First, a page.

So I think it's gonna be like a tug-of-war — both over there and here in North America — of, "You figured me out, but I figured you figuring me out. But now you figured me figuring you figuring me out." And it's just gonna be like the back and forth until eventually, somebody stops adapting.



[image loading]



Sounds like anime writing. How does acola rank for you now that he has some more wins under his belt?



I would say in Japan, he's probably top three. In the world at large, I would say top ten, just because he literally only has one international result. And it wasn't an open bracket. Yes, the Gimvitational was incredibly impressive, but it was one bracket and it wasn't open. So before we start ranking him top three to five globally, I just want to see him at least in one open bracket with international competition. Just to see how it turns out. But he's already definitely a contender for that spot.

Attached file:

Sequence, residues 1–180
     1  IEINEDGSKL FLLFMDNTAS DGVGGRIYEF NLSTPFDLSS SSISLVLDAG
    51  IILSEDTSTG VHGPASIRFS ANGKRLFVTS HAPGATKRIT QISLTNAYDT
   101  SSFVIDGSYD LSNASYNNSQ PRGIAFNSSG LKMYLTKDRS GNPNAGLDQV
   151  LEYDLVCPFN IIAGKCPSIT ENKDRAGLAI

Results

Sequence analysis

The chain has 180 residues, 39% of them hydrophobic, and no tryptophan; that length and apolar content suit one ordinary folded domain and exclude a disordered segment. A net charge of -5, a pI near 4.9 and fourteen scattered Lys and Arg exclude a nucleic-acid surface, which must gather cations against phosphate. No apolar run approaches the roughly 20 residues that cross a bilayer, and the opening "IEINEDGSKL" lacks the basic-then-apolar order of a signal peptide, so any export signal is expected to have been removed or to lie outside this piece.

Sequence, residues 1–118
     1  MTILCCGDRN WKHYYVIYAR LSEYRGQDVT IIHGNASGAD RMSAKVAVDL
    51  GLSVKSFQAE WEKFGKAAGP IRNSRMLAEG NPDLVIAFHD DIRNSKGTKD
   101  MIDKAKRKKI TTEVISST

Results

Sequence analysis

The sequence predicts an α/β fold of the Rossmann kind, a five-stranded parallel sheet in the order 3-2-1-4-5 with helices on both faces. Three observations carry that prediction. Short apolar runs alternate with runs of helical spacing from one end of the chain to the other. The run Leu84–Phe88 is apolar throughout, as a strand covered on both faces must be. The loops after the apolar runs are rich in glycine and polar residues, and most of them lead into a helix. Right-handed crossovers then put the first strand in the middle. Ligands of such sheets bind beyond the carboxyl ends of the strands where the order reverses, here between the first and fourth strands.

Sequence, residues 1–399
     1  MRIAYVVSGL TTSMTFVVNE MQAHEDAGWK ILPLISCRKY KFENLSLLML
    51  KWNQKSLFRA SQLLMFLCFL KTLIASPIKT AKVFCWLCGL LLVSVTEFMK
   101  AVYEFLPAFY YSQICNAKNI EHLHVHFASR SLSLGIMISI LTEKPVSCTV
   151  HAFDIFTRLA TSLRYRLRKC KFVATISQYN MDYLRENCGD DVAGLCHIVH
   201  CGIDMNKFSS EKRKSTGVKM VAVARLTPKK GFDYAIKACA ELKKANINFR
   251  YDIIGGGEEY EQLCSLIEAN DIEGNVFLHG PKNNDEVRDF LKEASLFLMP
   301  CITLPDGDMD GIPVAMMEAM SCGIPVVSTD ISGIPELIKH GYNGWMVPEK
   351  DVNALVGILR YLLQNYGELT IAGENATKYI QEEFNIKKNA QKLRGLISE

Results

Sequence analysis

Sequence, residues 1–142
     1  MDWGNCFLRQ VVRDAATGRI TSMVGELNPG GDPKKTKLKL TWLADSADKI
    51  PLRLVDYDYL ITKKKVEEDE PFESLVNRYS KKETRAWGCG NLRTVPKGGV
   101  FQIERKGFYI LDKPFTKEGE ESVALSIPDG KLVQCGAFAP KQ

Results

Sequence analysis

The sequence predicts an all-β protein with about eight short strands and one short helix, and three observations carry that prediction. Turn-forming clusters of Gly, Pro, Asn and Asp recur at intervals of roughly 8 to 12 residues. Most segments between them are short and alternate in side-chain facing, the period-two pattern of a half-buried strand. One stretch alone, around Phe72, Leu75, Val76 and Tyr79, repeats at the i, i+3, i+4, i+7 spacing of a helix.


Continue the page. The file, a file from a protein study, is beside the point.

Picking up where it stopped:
Who would you put above him specifically in Japan?



I wouldn't put anybody above him, but the people who I definitely wouldn't put below him are both Zackray and ProtoBanham. Yoshidora is also in that conversation, but I don't think he's above him, specifically because acola managed to beat him with his Kazuya (which he had played for about a week). And one of them is pretty up in the air, because he's only recently back from being retired. But he's already starting to kill it. And we'll have to see how the season develops between those three and see which one manages to come out on top.



You don't think Tea is in the conversation?



I don't think Tea is top three, but I think he is obviously top five, top ten on a bad day. But I don't think he's in that conversation with the big three.



Is that results-wise, or just the eye test?



It's mostly an eye test, but definitely results-wise too. Tea has not won a set over acola or Proto as far as I'm aware. Zackray obviously has been retired, so couldn't say there.



With acola's win, and now that we're seeing more representation from Japanese players, do you see potential in them overtaking Mexico as the best region in Smash?